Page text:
Microsoft Bing booming; Yahoo appears in its sights
- 13 July, 2009 07:57
Reports released this week showed that Microsoft Corp.'s Bing search tool continues to gain ground in the search engine wars, but how much ground is a bit up in the air.
For the second time since Bing's launch just over a month ago, StatCounter Global Stats, which analyzes Web site traffic, reported that the new search engine's market share has passed that of the Yahoo search tool. According to the StatCounter report released today, Bing held a 12.9 per cent share of the U.S. search market, while rival Yahoo held 10.15 per cent at the start of July.
Both Microsoft and Yahoo are still well behind market behemoth Google, which commands just about 75 per cent of the market, according to the report.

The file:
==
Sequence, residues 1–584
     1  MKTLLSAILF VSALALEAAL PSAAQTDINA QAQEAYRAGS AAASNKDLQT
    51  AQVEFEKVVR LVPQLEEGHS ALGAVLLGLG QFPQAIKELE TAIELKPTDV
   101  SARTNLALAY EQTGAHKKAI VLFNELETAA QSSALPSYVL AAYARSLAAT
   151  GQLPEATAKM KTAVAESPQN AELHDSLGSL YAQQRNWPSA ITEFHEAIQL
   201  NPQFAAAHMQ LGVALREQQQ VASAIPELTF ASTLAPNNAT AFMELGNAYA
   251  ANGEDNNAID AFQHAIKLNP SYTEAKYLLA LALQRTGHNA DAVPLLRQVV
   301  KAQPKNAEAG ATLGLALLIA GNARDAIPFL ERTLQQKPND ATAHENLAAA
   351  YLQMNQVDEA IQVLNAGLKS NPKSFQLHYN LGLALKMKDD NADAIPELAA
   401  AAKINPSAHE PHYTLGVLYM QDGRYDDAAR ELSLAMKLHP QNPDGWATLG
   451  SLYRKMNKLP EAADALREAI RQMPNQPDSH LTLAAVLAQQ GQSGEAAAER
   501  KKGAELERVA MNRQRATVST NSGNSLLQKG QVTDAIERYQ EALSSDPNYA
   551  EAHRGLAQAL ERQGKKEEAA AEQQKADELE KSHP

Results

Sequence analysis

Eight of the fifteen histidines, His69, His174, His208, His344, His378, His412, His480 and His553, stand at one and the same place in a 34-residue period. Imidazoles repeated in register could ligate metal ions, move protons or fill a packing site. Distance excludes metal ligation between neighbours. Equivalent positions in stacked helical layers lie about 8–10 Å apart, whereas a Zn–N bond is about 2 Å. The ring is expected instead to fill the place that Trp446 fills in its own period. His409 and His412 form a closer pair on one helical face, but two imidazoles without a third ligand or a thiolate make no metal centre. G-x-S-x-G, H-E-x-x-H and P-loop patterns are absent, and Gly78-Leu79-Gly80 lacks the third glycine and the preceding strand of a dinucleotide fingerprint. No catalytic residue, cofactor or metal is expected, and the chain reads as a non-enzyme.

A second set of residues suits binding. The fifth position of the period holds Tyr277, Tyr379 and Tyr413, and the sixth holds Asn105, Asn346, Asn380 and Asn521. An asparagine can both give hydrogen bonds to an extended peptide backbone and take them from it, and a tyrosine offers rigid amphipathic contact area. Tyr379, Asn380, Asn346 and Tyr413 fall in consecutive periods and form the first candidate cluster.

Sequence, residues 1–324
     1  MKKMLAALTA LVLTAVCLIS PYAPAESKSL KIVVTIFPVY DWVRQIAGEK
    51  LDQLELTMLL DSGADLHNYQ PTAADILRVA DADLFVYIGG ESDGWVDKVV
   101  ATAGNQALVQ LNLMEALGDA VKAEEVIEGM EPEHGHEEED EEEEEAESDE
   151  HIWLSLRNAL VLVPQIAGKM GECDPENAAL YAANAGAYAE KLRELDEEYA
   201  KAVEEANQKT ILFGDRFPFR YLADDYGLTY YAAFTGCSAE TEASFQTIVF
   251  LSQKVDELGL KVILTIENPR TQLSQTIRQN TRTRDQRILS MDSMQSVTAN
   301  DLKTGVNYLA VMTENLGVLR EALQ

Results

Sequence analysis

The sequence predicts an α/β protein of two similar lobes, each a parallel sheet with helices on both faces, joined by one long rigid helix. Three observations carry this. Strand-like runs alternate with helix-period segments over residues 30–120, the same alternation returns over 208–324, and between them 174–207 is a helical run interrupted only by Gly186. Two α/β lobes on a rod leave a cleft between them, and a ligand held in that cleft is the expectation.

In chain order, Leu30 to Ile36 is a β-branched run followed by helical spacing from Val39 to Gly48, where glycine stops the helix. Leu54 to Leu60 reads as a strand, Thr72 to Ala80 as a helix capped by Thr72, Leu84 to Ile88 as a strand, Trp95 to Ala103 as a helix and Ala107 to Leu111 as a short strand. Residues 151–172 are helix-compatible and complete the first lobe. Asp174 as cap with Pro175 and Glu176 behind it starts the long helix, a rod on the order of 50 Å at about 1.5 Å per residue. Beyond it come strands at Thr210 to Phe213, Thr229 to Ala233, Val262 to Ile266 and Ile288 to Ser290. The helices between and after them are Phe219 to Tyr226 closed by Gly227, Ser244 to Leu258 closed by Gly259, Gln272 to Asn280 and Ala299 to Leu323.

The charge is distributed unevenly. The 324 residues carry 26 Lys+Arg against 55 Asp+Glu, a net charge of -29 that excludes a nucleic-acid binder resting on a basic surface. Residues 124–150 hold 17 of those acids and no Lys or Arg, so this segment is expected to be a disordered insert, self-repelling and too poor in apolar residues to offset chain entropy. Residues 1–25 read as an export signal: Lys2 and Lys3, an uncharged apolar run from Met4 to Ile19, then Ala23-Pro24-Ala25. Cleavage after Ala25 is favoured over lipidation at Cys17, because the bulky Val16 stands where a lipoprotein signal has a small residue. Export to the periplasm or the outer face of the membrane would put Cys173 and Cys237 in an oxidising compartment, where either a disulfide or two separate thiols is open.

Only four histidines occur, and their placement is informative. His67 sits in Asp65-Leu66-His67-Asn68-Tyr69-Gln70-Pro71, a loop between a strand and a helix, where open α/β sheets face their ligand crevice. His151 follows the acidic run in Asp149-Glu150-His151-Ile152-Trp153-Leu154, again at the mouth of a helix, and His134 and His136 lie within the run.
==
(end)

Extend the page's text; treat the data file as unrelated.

The traffic tracker had reported last month that Bing had surpassed Yahoo on one day shortly after its June 1 launch.
Aodhan Cullen, CEO of StatCounter, said in a statement that the latest figures may have resulted from a positive review of Bing that appeared on the New York Times Web site on July 8 and in its print edition a day later. "While its lead over Yahoo may not last into next week, our data suggests that it is slowly but surely closing the gap."
Meanwhile Hitwise Pty., which measures online traffic, released a report yesterday showing that Bing's market share, while growing, still trails far behind Yahoo.
According to Hitwise's latest research, Google held 74.04 per cent of the search market in June, while Yahoo had 16.19 per cent and Bing 5.25 per cent. Bing did note that Bing's use grew by an average of 25 per cent during each week in June.
Microsoft and Google have been going head to head a lot lately. Microsoft threw its hat into the ring to take on Google's dominant search service, and just this week Google made a move to fire its own salvo back at Microsoft. Google pulled back the curtain and acknowledged that its working on putting out an operating system aimed at netbooks and PCs. And analysts say Google is the company in the best position to take on Microsoft and its vaunted Windows software.